Cape Cornwall School Visit on Wednesday 21st November 2018

On Wednesday 21st November 2018, the Newlyn Archive hosted a group of students from Cape Cornwall School along with their teachers and the author JR Carpenter. They came as part of the Dark Sky Bright Stars project organized by Joanna Mays to learn about researching topics, such as navigation, and to experience the workings of an Archive.
After lunch at Trinity and a short film about the Mystery projected by Brian Newton, the students walked down the hill to the Boathouse where Ron Hogg showed them ‘the anchor fouled’, the Admiralty symbol carved in stone at the corner of the Boathouse.
Inside the Boathouse, Sue Newton pointed out different aspects of the building and briefly explained how an archive operates. Pam Lomax had prepared two displays of archive material, one to show the role of the Boathouse when it housed the rocket wagon and the other to illustrate the route the Mystery took via Cape Town to Melbourne.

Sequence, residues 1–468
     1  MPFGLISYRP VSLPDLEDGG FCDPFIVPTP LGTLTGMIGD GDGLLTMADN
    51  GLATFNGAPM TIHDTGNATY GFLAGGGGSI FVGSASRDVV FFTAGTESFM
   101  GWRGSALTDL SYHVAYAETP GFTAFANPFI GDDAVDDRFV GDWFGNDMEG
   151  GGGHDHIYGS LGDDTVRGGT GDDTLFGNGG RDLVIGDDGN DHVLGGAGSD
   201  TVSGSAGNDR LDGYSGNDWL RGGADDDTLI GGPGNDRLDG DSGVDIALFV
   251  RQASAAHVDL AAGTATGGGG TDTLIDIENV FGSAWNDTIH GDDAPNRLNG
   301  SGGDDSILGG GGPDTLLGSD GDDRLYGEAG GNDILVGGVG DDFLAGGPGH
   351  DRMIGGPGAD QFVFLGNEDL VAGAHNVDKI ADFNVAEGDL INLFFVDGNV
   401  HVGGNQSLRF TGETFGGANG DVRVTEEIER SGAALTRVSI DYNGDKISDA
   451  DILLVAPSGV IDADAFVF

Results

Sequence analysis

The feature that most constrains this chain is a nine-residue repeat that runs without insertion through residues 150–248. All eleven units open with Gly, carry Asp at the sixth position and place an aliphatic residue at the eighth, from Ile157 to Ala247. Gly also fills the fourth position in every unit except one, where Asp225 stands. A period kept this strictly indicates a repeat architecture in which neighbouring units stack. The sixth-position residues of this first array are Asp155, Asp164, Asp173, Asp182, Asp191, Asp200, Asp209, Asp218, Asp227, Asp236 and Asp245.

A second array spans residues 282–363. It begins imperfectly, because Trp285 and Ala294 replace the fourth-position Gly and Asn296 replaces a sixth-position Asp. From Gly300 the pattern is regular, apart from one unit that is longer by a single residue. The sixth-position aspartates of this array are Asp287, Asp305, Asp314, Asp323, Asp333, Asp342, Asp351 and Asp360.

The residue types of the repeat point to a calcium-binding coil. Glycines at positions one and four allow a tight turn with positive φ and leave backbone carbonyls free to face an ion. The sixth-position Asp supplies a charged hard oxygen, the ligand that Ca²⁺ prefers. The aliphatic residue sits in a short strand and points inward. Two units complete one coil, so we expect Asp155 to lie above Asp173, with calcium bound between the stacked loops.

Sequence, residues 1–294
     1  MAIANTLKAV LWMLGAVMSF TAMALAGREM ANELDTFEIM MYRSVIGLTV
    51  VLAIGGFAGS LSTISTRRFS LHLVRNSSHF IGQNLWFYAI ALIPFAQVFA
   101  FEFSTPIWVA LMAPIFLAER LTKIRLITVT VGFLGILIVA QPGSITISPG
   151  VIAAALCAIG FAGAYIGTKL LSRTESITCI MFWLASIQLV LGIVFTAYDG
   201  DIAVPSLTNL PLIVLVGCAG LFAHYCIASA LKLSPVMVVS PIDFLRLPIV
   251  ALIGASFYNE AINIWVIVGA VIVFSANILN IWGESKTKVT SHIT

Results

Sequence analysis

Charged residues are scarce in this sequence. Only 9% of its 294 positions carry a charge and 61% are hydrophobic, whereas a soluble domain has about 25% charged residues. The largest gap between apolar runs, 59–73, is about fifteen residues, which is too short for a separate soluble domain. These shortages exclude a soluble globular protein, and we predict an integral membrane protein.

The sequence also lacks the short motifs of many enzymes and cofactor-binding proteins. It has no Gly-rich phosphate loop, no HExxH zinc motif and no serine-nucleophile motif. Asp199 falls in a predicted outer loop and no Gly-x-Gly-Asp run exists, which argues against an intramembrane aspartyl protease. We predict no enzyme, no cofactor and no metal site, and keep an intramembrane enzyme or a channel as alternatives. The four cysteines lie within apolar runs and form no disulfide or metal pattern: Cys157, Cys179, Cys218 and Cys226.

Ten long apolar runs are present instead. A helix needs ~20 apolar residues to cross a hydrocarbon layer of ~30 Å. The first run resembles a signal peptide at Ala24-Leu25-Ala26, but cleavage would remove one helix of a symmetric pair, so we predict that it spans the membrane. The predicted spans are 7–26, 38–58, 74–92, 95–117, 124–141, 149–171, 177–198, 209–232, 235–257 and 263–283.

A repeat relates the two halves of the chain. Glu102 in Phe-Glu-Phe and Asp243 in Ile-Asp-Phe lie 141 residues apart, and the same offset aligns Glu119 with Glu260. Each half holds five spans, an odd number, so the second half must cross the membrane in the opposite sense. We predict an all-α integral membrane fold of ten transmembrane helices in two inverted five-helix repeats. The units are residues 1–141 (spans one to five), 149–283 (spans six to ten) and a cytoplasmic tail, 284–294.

Above: Ron Hogg talked about how rescues were made by establishing a Breeches Buoy rescue system.
Photo by Christopher Laughton

After the introduction, the students were divided into two groups. Ron Hogg explained how the rocket system had worked and Peter Morgan explained about navigation and how the Mystery had made its journey navigating by the stars. The students seemed totally engaged and were fascinated by some of the old documents they were shown. They surprised their tutors by the detailed knowledge they had about some of the events, such as shipwrecks.
‘Having been married to a primary school teacher for over 40 years’, Peter Morgan said, ‘I feel well qualified to judge the behaviour of primary school children, and the children from Cape Cornwall must be amongst the best behaved that I have ever met. Well ordered, well dressed, well behaved and with sensible questions and interested attention to their subject. I was impressed, and their teachers and families can be very proud of them.’

 

 

 

Above: Peter Morgan talked about navigation and the journey of the Mystery to Australia.
Photo by Christopher Laughton


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